Collection and Storage of Umbilical Cord Stem Cells for Treatment of Sickle Cell Disease
|First Submitted Date||March 10, 2001|
|First Posted Date||March 12, 2001|
|Last Update Posted Date||November 27, 2017|
|Start Date||March 8, 2001|
|Primary Completion Date||Not Provided|
|Current Primary Outcome Measures
||To procure umbilical cord blood (UCB) from newborns at risk for sickle cell disease, sickle cell trait, and related disorders as well as normal newborns, as controls [ Time Frame: End of study ]|
|Original Primary Outcome Measures||Not Provided|
|Change History||Complete list of historical versions of study NCT00012545 on ClinicalTrials.gov Archive Site|
|Current Secondary Outcome Measures||Not Provided|
|Original Secondary Outcome Measures||Not Provided|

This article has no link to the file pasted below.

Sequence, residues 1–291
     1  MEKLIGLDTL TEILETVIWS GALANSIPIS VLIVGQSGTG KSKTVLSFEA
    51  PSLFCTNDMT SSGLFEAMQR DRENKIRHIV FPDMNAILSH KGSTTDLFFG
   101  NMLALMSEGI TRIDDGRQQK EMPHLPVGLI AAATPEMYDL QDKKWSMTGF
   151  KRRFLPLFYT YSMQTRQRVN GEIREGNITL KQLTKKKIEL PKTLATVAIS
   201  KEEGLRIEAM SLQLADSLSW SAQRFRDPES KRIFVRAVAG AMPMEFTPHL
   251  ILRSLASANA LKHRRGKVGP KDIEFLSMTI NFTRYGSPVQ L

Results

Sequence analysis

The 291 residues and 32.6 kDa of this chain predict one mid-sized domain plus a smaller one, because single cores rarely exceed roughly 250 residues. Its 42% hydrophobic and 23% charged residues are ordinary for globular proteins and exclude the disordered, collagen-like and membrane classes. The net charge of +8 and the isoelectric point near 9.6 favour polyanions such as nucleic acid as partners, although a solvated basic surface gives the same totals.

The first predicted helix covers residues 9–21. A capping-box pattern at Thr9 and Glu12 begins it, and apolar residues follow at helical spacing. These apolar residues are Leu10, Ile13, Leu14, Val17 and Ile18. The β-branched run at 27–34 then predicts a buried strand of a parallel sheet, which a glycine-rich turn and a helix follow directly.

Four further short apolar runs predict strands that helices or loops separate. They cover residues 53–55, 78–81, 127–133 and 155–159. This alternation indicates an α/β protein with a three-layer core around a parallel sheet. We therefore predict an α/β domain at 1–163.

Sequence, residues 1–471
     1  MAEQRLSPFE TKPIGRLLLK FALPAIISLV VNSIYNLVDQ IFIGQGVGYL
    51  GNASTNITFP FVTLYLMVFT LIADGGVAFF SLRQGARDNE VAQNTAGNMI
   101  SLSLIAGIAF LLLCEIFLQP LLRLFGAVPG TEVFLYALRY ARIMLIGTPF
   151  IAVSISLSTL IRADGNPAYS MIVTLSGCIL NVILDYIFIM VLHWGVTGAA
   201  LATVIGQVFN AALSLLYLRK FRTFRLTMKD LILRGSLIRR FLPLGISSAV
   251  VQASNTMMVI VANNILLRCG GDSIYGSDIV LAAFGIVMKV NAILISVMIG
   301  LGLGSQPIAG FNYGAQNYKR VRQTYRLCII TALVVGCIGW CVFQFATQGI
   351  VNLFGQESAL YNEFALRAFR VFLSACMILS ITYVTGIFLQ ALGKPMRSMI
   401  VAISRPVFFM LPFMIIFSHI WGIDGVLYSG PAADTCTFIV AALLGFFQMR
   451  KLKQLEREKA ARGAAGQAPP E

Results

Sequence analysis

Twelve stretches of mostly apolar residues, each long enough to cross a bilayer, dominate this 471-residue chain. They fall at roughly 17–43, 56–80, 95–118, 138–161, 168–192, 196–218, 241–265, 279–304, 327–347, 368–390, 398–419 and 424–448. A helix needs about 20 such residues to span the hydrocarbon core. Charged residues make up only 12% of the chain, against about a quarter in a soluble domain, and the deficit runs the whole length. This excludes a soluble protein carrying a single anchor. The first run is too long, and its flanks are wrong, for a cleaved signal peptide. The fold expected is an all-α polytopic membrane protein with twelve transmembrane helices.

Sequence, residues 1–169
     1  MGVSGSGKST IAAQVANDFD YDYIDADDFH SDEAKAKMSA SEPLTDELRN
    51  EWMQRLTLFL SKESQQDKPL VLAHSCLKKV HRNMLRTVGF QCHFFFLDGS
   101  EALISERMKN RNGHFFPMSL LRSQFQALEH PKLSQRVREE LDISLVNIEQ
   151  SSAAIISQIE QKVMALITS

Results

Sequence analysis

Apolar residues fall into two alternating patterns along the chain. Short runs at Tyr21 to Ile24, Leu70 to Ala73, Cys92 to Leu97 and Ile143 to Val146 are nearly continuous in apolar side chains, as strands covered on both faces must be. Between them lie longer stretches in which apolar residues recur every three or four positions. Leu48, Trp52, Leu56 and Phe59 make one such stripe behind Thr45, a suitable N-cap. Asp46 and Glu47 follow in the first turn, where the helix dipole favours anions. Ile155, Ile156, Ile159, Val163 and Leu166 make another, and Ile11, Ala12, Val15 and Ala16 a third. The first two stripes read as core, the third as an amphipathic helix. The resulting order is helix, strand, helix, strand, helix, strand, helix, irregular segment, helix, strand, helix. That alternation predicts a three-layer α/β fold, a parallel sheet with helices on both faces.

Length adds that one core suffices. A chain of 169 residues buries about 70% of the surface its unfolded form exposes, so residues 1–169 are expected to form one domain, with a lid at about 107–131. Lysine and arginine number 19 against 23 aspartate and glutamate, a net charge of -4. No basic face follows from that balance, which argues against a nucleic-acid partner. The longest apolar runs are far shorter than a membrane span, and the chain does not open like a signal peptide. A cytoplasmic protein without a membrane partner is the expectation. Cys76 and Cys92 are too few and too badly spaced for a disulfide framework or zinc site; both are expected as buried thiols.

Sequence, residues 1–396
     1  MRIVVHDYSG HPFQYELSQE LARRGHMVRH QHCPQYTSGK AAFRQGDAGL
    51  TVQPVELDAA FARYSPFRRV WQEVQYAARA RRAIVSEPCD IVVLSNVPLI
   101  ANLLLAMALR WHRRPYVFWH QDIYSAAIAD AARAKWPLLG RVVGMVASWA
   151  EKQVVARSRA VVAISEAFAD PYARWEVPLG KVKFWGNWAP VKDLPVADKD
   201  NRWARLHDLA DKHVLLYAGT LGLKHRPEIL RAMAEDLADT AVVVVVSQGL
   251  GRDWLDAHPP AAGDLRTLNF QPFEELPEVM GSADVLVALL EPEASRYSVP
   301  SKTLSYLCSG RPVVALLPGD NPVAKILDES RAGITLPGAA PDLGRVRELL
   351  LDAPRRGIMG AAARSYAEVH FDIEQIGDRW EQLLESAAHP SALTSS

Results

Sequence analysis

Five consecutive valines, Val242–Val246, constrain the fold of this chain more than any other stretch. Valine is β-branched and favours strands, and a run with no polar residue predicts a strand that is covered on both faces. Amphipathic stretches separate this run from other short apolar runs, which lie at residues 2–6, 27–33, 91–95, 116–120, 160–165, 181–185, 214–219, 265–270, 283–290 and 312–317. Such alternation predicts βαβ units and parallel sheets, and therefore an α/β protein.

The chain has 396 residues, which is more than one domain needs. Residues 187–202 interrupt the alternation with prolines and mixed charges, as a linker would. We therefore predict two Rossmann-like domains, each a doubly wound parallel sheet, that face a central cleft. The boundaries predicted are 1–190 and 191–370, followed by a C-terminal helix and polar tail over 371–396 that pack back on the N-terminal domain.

|Current Other Outcome Measures||Not Provided|
|Original Other Outcome Measures||Not Provided|
|Brief Title||Collection and Storage of Umbilical Cord Stem Cells for Treatment of Sickle Cell Disease|
|Official Title||Collection and Storage of Umbilical Cord Hematopoietic Stem Cells for Sickle Cell Disease Therapy|
This study will determine the best ways to collect, process and store umbilical cord blood from babies with sickle cell disease, sickle cell trait and unaffected babies. Sickle cell disease is an abnormality of the hemoglobin in red blood cells that causes the cells to change shape and clump together, preventing their normal flow in the bloodstream. This impairs blood flow to various organs, and the resulting oxygen deprivation causes organ damage.